Contact Centres and Customer Service — finds that although the contact centres surveyed rank improved customer service as their most important aim, half of them don’t even measure the number of calls it takes to resolve a customer query.
Carried out on behalf of Teasel Performance Management, the report reveals that of those that do measure customer satisfaction, in-house contact centres were much more proactive on overall assessment, with 83% sending out questionnaires; 43% calling customers at random; 43% calculating average call value; and 26% asking customers to stay on the line to complete a brief survey. The most common approach to measuring customer satisfaction (100%) was to listen to a selection of calls and make a judgement
In contrast, outsourced call centres seem only to focus on the basics, with less than half (43%) sending out questionnaires and only a third (29%) carrying out random customer calling. A little over a quarter (29%) calculate average call value; and 14% carry out an online survey. For outsourced contact centres it seems to be more about reporting on call numbers rather than the quality of the call, suggesting that they are focussed on meeting the terms of their SLAs (Service Level Agreements), rather than enhancing the customer experience.
When asked about the relevant importance of particular aspects of the aims of contact centres, the survey found that respondents ranked improving customer service at number one. This was followed by resolving customer problems quickly and efficiently (89%); then reducing cost (72%), and increasing sales (66%). Creating a marketing “differentiator” was cited by just over half (54%).
Yet when asked about the importance of measuring customer satisfaction with contact centres, creating a marketing differentiator did not feature at all, with respondents citing what would be generally considered as hygiene factors. These included reducing time to answer (76%), cutting average wait time (72%), resolving customer needs immediately (69%) and reducing abandoned calls (59%). Rapid access to customer records (45%) and rapid customer identification (45%) were ranked sixth and seventh.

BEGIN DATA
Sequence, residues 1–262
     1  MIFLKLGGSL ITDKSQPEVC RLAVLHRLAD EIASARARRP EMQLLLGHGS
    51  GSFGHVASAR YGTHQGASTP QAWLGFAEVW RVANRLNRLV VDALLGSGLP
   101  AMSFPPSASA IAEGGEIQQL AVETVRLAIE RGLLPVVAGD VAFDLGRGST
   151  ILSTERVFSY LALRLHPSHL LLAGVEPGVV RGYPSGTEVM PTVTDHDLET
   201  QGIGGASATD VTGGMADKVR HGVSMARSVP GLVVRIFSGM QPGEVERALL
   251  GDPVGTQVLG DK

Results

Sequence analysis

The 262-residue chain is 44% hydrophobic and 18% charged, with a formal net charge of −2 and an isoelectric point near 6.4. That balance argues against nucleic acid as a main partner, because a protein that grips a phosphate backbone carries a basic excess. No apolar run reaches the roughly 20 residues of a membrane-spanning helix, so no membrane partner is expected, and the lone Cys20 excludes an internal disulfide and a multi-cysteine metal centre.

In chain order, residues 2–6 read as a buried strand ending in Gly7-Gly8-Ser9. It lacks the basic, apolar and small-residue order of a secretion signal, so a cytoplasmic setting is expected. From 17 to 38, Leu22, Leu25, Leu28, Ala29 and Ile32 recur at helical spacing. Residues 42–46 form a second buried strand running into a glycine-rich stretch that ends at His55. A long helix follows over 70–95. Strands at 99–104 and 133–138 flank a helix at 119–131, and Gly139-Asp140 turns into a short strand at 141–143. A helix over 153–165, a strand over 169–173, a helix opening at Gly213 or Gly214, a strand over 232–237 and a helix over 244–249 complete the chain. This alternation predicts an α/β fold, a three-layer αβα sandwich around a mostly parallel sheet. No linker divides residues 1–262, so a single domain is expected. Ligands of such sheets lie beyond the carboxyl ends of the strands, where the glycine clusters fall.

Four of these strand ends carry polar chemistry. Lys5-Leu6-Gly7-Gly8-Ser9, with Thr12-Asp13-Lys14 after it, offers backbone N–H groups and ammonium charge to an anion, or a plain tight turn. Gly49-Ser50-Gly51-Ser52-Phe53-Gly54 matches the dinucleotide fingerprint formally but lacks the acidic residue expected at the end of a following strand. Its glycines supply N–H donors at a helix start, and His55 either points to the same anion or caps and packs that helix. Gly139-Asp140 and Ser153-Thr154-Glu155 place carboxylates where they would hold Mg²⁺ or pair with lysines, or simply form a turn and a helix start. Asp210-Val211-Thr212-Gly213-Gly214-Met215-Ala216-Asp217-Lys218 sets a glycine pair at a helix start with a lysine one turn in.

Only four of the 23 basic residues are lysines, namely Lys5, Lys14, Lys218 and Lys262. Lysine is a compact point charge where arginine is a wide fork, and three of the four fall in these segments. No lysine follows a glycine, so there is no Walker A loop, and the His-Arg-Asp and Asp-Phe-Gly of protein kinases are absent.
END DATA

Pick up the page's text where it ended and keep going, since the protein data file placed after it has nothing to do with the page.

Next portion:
Tim Burfoot, Managing Director of Teasel Performance Management comments: “The findings highlight that many contact centres say that although customer satisfaction is key to the service they provide, most are only measuring this on the hygiene of the process rather than on the quality of how the call is handled and resolved. This is all very well but contact centres must widen the way in which they track and monitor activities if they are to really understand how they are performing. The overall question, of course, is whether contact centres, outsourced or in-house are monitoring the right things?”
Burfoot continues: “It’s interesting that outsourced contact centres — to which many organisations entrust their brand and reputation — are primarily concerned about meeting SLA criteria, such as the number of calls that should be answered every hour. This attitude puts their clients’ corporate reputation at risk. They might well be fielding a high number of calls but If they are not tracking and reporting on how customer contacts are actually handled, how can clients judge the all-important customer experience?”